The Dragon Republic, the sequel to one of my -- possibly, my favorite -- favorite books of 2018, had a lot to live up to. The Poppy War set the bar so incredibly high in its characters, world, and plot that I was worried this book wouldn't live up to it, but I'm very happy to say that it did, it does, and it broke my heart even more than the first one did. R.F. Kuang proved she could write about war and its atrocities in the first book; she proves she can write its aftermath and its shockwaves in this book. I'll have a more in-depth review when the book is released, but for now, I'll talk about a few things:

1. I love these characters. I love Rin so, so, so much. She is so complicated and so real and so full of mistakes.

2. The internal work Kuang does here is so captivating and difficult and I thought it was one of the best parts of the book. Rin has suffered and done so much and Kuang doesn't forget that, doesn't let her brush it away, doesn't pretend it didn't happen just for an easier narrative or so she can move onto the next plot point. More than anything, I think this is the most admirable aspect of the book. 

3. But the plot doesn't suffer! It does have a pacing issue not unlike The Poppy War, but I don't mind it because I think what happens was necessary to inform everything that happens in relation and in reaction to each other. I don't know. I understand the pacing point, but I would also read more, more, more of this if I could. (Sorry I keep reading "what happens" so much. It's hard to be vague about this when all I want to do is scream about it in detail.)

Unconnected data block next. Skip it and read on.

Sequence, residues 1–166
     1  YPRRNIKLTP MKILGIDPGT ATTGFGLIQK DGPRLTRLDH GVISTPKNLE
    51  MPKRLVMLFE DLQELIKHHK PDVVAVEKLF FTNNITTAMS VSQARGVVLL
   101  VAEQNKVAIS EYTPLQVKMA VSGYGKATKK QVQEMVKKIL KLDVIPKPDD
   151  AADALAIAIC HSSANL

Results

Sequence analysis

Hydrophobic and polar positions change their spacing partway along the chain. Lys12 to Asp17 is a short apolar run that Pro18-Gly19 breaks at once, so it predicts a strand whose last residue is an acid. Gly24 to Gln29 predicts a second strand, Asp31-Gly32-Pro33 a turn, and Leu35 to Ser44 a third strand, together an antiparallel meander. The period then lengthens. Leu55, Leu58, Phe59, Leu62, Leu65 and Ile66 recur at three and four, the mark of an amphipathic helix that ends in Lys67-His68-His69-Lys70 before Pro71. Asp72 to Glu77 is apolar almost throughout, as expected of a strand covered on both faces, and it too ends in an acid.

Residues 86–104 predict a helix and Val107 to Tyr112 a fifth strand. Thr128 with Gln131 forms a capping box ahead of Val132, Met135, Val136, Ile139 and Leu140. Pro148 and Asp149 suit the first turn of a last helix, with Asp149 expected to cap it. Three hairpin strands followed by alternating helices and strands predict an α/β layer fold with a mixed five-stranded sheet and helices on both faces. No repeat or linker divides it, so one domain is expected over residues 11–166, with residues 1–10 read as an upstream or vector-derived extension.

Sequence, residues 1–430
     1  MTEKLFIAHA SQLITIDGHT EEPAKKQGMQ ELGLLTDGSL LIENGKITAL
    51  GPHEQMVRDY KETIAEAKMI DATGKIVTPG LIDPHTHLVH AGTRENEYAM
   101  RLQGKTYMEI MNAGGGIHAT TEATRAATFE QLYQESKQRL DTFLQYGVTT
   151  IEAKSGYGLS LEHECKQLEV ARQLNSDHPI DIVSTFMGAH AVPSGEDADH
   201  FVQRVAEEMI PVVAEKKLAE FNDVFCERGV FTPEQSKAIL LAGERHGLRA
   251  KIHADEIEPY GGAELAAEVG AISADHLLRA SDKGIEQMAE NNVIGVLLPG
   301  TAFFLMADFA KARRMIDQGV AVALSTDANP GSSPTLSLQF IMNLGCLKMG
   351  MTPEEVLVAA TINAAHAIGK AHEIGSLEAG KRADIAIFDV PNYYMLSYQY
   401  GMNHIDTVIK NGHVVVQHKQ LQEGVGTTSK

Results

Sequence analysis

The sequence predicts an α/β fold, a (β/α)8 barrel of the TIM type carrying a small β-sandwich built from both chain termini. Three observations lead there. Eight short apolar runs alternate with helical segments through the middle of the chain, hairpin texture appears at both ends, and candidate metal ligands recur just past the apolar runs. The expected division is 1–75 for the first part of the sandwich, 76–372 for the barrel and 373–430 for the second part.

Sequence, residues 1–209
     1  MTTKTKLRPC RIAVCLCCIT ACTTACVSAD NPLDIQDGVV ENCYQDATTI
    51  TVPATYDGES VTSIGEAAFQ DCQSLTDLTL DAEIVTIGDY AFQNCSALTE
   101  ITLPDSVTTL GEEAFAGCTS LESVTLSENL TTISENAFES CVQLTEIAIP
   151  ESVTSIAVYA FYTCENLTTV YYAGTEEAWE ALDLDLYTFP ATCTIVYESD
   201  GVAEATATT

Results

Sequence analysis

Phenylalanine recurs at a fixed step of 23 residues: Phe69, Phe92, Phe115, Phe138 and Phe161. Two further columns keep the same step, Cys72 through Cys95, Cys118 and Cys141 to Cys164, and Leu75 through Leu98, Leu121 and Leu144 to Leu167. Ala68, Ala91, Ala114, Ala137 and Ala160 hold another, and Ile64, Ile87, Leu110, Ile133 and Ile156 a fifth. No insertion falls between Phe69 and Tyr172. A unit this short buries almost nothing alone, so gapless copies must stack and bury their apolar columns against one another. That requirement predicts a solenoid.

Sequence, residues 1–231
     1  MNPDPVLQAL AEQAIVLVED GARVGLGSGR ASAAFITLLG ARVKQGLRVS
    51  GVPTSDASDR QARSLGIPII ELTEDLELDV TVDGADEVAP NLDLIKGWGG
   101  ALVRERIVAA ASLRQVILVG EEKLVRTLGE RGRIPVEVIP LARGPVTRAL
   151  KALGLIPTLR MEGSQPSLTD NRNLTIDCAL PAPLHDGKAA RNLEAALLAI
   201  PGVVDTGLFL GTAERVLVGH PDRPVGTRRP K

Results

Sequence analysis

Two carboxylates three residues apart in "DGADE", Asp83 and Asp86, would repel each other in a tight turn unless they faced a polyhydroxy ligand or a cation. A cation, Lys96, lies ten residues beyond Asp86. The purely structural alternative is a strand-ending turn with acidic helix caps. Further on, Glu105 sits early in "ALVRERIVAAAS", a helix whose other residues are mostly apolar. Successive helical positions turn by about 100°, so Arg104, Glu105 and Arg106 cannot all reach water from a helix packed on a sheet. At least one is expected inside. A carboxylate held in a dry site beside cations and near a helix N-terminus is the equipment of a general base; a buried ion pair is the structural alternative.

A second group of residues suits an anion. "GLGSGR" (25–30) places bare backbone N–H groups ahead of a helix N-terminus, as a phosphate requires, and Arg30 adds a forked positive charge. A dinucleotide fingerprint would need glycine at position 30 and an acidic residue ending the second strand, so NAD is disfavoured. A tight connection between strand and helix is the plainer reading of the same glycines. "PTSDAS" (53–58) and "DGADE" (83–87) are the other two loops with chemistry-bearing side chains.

4. I cannot stress this enough: R.F. Kuang is a Chinese author writing about Chinese people!!! She understands!!! SHE GETS IT!!!!!!!!!!!

5. The twists in this... lol.... you guys.... you don't even know.

And now I'm going to go hide in a cave and, like, only think about this book, I guess???? COOL??? THANKS, R.F. KUANG!
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I LOVED the Poppy War, the first in this series.  I was so excited to get an early copy of this one to check out.  It wasn't as good as the first one, but still infinitely fascinating..  A lot more focused on military strategy and fighting, less on the interpersonal relationships of the characters.  The only relationship that was remotely interesting was Kitay and Rin.  I could've had a whole book of just them and would have been happy.  The book picks up in the final third of the book, and then I couldn't put it down.  So still a great book, but not as good as the first one.
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Thank you NetGalley and Publisher for this early copy!

I was over the moon happy when I was gifted this arc by the publisher! It made me finally read The Poppy War and find a new high Fantasy series that I love. Rin is complex character that I liked reading about. 

I found that I enjoyed book two even more than the first one. The world building was even better in the second one. I would have liked more magic but we did get quite a bit of it in the last half. I will be reading more from this author in the future and I cannot wait to find out what happens in book three. 

I will be posting a full review closer to release date.